To recap: an increase in gasoline price produces both a VMT effect (fewer miles driven) and a fuel-efficiency effect (more efficient vehicles used). Together, the two effects determine the price elasticity of gasoline, that is, the reduction in consumption that occurs in response to an increase in price. If this price elasticity of gasoline is large (like -0.8), it means that consumers and manufacturers together respond strongly to higher prices, using less fuel. But if it is small (like -0.3), it means neither consumers nor manufacturers react much to fuel price changes, so a rather large hike in gasoline taxes would be required to achieve a given target for fuel-use reduction. That can present political and administrative problems that would make gas taxes a less attractive option.
Measuring VMT And Fuel-Efficency Responses
So how big is the price elasticity of gasoline? There is reasonable consensus that, when measured over a decade or more to allow consumers time to replace vehicles with more efficient ones, it is around -0.5; that is, if the price of gasoline doubles, its consumption will fall by about half. But as we have just seen, the components of this elasticity also matter because they tell us whether higher prices cause less driving, more fuel-efficiency in vehicles, or both. Furthermore, there have been suggestions that the price elasticity of gasoline has decreased over the last few decades—that is, consumers have grown less responsive to price changes. If that’s true, which of its components has decreased?
Many studies have measured the VMT effect or, equivalently, the rebound effect. Most results for the rebound effect are in the range of five to twenty percent over a period of one year (“short run”), and twenty to thirty percent over many years (“long run”). Thus, for example, if CAFE-like standards succeed in doubling fleet-average fuel efficiency, in the long run people might end up driving twenty to thirty percent more. If these results are accurate, they mean that improvements in fuel economy are a fairly effective way of reducing fuel consumption.
We analyzed annual US data by state from 1966 through 2004, and here provide new empirical estimates of the price elasticity of gasoline and its components. (We recently reported similar numbers in an academic publication, but based on data only through 2001.) Because our data set is more comprehensive than that used in most studies, we are able to measure these effects with greater precision and, most importantly, to investigate whether they depend on factors that are changing over time.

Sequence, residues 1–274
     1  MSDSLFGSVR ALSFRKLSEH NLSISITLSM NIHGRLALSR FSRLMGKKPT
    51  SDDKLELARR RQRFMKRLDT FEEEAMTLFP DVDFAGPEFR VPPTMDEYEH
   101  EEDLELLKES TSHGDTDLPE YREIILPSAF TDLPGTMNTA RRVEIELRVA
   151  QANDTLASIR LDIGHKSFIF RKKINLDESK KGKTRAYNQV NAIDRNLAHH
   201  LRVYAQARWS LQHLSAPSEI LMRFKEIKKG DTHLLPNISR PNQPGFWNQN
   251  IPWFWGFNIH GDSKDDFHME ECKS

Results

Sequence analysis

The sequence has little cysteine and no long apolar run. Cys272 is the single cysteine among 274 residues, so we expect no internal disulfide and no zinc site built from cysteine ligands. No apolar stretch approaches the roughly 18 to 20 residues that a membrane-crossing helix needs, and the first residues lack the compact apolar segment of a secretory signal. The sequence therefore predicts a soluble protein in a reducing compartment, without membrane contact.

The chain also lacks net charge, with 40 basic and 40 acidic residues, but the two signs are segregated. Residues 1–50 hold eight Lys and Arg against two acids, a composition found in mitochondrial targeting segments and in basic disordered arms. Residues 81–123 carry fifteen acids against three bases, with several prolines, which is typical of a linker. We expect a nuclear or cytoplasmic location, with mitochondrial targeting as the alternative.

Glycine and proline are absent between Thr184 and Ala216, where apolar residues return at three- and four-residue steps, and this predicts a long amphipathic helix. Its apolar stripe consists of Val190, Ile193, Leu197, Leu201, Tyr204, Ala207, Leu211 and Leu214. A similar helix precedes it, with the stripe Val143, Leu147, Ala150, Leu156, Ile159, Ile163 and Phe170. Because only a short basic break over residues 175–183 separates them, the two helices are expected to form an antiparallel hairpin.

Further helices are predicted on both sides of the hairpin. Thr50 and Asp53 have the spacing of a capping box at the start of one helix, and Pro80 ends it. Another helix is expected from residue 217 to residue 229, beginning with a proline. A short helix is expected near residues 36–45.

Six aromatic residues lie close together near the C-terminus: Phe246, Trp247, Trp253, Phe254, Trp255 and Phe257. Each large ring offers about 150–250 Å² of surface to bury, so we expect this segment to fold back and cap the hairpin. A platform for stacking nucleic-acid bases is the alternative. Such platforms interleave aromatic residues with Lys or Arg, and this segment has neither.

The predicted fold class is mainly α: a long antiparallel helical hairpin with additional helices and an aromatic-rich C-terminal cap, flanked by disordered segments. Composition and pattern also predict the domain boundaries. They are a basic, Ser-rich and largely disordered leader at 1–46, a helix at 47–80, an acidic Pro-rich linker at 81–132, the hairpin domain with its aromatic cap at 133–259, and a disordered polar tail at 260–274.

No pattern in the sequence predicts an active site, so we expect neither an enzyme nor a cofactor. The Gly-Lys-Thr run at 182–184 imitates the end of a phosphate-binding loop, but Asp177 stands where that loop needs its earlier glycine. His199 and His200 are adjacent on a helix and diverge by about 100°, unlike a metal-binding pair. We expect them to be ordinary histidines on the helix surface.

In particular, we posit that the rebound effect should depend on both average per capita income and average fuel costs. First, it should decline as average income rises, because then time costs rather than fuel costs tend to become more important in deter- mining people’s travel decisions. Second, the rebound effect should rise as fuel costs rise, for the same reason in reverse: fuel costs then become a larger factor. We also posit that the rebound effect should decline with increasing urbanization because then the time costs of congestion tend to dominate the cost of driving, again relegating fuel costs to lesser importance in people’s decisions.
The fuel-efficiency effect is also in line with previous studies, as is the long-run price elasticity of gasoline. The latter means, for example, that a permanent increase of the fuel price from $2.50 to $3.50 in constant dollars (a forty percent increase) would reduce fuel consumption by some 14.5 percent in the long run (0.363 times 40), all else equal.